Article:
The published paper actually included three studies. The first drew data on subjective well-being from the 2005-2009 Gallup World Poll, which covered 155 countries and more than 450,000 individual respondents.* In this study, well-being was measured both as life satisfaction and daily affect. Respondents indicated their satisfaction with life by answering questions such as “How happy are you with your life as a whole these days?” Daily affect (emotional experience), meanwhile, was measured with items such as “Did you smile or laugh a lot yesterday?” These concepts may seem redundant, but in fact life satisfaction was only mildly correlated with daily affect. For example, the country with the highest life satisfaction was Finland, whereas the country with the highest level of daily positive affect was Indonesia.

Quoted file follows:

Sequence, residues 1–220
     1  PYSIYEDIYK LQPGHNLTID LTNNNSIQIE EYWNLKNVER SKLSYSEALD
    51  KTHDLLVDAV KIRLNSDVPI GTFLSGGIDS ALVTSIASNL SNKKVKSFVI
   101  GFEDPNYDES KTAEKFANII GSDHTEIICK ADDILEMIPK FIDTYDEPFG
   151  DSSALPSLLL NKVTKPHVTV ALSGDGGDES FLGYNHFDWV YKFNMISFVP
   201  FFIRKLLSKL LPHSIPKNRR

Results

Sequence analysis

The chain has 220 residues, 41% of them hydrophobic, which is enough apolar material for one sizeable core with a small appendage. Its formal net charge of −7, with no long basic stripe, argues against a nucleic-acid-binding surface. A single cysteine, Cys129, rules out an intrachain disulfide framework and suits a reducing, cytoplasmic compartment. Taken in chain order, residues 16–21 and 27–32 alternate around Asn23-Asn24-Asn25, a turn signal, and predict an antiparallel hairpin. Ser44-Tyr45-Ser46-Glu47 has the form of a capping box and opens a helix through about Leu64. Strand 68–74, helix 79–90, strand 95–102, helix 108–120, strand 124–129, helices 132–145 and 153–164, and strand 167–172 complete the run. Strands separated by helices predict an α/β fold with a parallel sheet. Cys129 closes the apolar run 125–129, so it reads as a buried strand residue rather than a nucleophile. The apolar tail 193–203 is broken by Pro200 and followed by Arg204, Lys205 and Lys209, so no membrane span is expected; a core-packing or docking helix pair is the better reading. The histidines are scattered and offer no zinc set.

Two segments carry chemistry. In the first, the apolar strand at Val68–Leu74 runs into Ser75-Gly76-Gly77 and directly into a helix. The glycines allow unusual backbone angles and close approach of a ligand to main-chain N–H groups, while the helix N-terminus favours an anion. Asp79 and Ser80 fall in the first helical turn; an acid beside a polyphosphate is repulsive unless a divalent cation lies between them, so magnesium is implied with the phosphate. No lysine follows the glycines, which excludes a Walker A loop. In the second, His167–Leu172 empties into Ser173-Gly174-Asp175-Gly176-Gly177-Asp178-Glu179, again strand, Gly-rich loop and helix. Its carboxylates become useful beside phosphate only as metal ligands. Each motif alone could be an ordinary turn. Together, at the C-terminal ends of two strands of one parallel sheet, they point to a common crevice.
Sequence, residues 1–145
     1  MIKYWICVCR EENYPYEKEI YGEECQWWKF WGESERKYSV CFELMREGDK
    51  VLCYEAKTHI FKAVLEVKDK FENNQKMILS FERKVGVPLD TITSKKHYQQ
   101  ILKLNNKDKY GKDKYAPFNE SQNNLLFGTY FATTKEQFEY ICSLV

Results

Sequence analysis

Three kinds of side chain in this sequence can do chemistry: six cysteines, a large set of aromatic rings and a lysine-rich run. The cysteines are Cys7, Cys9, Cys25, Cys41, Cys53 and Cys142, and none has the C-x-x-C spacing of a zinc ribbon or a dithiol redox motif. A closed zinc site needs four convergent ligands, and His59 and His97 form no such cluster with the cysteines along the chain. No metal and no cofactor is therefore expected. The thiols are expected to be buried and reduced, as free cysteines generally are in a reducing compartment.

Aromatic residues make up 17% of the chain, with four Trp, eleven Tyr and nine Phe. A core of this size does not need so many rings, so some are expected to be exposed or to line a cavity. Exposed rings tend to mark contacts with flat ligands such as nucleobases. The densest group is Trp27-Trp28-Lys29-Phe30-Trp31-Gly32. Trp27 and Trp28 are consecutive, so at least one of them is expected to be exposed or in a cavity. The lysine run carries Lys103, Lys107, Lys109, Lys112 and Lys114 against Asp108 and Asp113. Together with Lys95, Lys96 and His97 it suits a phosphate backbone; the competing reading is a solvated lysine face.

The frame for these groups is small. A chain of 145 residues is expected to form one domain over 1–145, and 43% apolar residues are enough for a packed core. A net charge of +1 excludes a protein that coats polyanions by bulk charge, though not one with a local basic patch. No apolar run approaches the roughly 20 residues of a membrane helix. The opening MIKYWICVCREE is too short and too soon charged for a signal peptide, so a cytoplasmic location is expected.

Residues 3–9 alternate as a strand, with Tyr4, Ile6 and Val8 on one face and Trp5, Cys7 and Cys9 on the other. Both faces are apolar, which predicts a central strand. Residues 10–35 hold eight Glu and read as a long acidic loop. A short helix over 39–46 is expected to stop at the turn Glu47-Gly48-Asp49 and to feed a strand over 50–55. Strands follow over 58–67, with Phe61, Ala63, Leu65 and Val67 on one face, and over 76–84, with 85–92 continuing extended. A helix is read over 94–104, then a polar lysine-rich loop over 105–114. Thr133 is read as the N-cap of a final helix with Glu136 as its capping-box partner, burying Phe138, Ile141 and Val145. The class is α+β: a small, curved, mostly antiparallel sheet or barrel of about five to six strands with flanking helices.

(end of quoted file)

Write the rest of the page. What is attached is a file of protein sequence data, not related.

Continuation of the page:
The second study in the 2014 paper carried out a similar analysis, but this time looked at individuals. Life satisfaction was measured using only a single item variable: “All things considered, how satisfied are you with your life as a whole these days?” As expected, individual respondents who reported belief in heaven were significantly more likely to be satisfied with life, while those who believed in hell were less likely to be thrilled with how things were going. This result held for all types of religion – Abrahamic and non-Abrahamic alike. What’s more, the effects were as large as for other well-established predictors of individual life satisfaction, including education level.